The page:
Not only was my bike lighter, but so was my wallet.
Best answer yet!
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Old 09-17-11, 11:10 AM   #9
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I noticed a huge placebo effect when I replaced stock wheels with lighter and more aero wheels... Huge! ;-)

Not only was my bike lighter, but so was my wallet.

+1

We always trained on 36h wheels shod with a bit wider tires, and raced on 24h/28h or 28h/32h sets. Mentally the difference was clear and with the slight improvement in acceleration we certainly worked harder, which improved our performance. When we outfitted our TT bikes with disk wheels the same improvement in our performance were found for the same reasons. Whether the performance improvement from increased effort was more or less than the improvement in equipment was greater I cannot say, but we had a noticable improvement in performance.

That said, I would not spend $2k for a wheel set unless I was in excellent condition to start with. You will definitely notice a difference in acceleration with a lighter set of wheels and measurable improvements in top speed with more aero wheels, but if you are not in top shape you are better advised to train harder and smarter.


BTW: Being full "kitted out" in lycra doesn't appreciably improve performance, but nearly everyone on a Saturday training ride will come looking as though they are a pro. Why do you think that is?

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Old 09-17-11, 11:11 AM   #10
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i honestly don't believe they make such an impact on your riding. you're basically paying $1 to shed 1-2lbs off your bike...

Just work extra harder to surpass those with all these expensive light weight equipments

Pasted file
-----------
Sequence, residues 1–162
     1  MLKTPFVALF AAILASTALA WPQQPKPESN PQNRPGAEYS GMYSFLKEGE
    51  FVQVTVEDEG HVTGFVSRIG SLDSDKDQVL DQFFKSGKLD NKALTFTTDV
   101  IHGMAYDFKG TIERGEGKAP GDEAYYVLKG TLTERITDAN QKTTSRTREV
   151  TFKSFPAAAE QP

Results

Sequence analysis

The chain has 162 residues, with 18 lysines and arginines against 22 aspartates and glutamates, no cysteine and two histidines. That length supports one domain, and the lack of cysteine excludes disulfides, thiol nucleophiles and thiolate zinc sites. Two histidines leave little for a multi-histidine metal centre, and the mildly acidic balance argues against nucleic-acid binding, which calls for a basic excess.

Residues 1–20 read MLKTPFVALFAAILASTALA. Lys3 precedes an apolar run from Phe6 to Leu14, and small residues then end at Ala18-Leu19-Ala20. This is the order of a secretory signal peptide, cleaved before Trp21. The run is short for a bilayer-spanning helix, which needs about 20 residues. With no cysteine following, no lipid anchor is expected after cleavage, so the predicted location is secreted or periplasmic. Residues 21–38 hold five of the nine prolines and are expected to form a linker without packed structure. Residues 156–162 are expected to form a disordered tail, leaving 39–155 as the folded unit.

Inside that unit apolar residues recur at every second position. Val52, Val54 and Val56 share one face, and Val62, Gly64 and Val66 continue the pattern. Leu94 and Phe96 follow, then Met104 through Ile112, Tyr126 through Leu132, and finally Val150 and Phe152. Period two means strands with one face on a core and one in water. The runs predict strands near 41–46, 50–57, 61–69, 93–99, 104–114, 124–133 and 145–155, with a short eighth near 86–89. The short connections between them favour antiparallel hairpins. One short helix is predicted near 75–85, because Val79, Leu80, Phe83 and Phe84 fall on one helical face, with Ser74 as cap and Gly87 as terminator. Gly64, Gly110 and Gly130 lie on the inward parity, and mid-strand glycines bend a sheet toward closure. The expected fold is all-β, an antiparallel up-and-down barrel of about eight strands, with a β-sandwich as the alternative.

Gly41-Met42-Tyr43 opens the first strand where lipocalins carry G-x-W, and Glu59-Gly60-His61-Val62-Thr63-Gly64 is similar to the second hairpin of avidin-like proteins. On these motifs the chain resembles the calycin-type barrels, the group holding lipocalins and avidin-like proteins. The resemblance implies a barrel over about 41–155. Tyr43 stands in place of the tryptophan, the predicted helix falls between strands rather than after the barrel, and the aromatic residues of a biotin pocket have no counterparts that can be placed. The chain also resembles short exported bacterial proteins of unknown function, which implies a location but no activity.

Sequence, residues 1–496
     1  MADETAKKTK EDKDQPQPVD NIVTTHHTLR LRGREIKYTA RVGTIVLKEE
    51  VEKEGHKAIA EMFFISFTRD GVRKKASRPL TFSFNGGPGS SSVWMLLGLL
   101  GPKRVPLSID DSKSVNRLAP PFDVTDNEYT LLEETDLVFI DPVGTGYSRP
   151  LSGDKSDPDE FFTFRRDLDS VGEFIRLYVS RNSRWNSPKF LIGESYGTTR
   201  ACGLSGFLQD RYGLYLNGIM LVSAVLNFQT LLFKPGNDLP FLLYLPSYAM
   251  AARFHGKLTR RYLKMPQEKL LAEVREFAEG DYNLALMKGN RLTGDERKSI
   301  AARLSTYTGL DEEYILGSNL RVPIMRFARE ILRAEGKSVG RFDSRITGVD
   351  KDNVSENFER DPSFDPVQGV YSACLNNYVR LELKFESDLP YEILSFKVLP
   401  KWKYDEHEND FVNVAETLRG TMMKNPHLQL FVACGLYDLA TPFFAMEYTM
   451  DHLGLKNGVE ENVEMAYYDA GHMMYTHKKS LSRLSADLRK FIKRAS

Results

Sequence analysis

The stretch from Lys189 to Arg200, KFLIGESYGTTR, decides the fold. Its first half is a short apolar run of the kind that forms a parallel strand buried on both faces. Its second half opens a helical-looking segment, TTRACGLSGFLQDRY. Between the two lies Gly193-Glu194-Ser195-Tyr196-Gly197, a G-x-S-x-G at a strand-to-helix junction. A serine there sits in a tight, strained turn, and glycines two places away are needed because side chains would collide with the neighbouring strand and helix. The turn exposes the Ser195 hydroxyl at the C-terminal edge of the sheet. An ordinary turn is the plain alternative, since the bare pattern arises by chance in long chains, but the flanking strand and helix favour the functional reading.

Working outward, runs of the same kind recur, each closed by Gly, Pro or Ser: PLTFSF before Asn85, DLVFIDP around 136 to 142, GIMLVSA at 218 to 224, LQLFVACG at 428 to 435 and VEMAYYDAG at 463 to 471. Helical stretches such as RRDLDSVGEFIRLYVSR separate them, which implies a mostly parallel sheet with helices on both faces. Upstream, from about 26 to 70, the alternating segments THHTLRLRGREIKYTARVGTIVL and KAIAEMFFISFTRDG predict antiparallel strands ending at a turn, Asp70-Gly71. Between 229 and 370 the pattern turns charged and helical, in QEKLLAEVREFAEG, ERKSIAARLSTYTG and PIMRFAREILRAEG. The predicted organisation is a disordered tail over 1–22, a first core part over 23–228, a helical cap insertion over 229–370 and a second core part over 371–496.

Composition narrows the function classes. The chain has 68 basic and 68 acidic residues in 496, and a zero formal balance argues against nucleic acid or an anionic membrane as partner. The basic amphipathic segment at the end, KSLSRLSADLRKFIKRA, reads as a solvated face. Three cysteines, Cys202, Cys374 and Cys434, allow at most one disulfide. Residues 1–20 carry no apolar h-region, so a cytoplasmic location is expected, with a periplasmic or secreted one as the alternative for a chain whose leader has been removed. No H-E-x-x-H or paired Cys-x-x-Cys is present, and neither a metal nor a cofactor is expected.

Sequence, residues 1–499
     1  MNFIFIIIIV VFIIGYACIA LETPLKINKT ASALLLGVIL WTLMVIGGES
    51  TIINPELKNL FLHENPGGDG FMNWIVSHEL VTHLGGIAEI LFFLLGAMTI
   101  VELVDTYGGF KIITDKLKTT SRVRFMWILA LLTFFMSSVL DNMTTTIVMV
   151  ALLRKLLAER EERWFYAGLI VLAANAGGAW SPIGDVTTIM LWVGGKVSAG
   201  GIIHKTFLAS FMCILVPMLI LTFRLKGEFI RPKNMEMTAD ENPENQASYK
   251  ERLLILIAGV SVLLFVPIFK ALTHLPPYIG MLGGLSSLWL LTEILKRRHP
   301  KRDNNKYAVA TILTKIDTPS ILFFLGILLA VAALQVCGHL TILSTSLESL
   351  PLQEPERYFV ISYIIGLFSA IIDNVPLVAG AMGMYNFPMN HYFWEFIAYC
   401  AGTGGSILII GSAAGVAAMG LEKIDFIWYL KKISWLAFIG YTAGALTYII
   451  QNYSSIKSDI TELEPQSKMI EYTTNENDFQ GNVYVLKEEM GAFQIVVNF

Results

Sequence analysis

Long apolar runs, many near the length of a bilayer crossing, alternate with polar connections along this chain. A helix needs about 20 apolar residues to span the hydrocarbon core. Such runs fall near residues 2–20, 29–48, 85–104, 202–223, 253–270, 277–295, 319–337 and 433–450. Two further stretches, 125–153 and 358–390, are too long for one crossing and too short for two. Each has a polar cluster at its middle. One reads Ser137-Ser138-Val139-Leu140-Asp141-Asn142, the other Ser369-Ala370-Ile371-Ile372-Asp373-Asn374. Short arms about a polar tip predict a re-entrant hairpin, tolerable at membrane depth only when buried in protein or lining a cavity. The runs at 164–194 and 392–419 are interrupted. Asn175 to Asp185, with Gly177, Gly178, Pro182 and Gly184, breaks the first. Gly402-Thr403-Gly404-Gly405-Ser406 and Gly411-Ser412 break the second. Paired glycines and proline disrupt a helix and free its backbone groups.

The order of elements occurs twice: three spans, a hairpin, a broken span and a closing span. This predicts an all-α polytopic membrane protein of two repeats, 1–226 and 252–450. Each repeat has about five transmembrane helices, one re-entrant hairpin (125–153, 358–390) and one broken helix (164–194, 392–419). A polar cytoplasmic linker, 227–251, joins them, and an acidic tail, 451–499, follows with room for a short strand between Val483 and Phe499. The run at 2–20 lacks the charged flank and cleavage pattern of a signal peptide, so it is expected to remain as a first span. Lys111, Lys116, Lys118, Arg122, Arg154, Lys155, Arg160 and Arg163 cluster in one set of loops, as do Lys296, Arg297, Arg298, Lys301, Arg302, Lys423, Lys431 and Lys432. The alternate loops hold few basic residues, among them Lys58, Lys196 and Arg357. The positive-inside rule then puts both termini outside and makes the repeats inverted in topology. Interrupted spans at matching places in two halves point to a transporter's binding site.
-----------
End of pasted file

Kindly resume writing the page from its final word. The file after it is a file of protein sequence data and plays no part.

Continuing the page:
The thing thats important to remember is that its bot just weight your taking off, its rotational mass weight your saving.
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Old 09-17-11, 11:16 AM   #11
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The improvement in looks far outpaces the improvement in performance. But I was able to feel the difference when I switched to 404's in the spring winds this year. But it's still hard work to ride the bike.
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Old 09-17-11, 11:21 AM   #12
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For me wheels are important in the sense that because I'm a heavier rider - finally down to 210 lbs. - I need wheels that stay true at my weight. I've heard various wheels described by 170 lb. riders as bombproof that are anything but that for me. Since I don't race or have any desire to, I don't care about shaving 100 grams of weight or being aero, but staying true is critical.

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Old 09-17-11, 11:22 AM   #13
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Opinions from other threads on this forum suggest that low rolling resistance tires are equally if not more important than wheels. I think they're still incredibly expensive, but not nearly as much as wheels.
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Old 09-17-11, 11:41 AM   #14
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I purchased a wheelset that was much better than the stock set up, but probably considered low end by most and I immediately noticed that pedal resistance seemed to be about half if that makes sense. Pushing the lighter weight up hills was also noticeable. The bearings are also better in more expensive wheels offering a seemingly endless roll as well. I imagine there is a point where wheels become purely a status symbol and I am positive I will never know where that point is
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Old 09-17-11, 11:58 AM   #15
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Opinions from other threads on this forum suggest that low rolling resistance tires are equally if not more important than wheels. I think they're still incredibly expensive, but not nearly as much as wheels.
And the moment of inertia of the tire alone constitutes 40% of the total moment of inertia of most wheelsets (from Rol de whatever that site is).
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Old 09-17-11, 12:12 PM   #16
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I'm sure they help a little, but if you really just want to go faster, spend that $2000 on a personal trainer.
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Old 09-17-11, 12:20 PM   #17